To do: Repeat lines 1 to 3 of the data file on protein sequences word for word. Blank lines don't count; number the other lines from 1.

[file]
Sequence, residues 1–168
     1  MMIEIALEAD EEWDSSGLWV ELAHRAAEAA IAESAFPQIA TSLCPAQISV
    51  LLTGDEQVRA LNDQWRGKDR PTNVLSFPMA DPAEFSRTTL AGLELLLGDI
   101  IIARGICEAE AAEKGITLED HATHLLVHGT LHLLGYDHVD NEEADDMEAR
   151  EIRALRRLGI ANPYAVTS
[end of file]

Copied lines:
Sequence, residues 1–168
     1  MMIEIALEAD EEWDSSGLWV ELAHRAAEAA IAESAFPQIA TSLCPAQISV
    51  LLTGDEQVRA LNDQWRGKDR PTNVLSFPMA DPAEFSRTTL AGLELLLGDI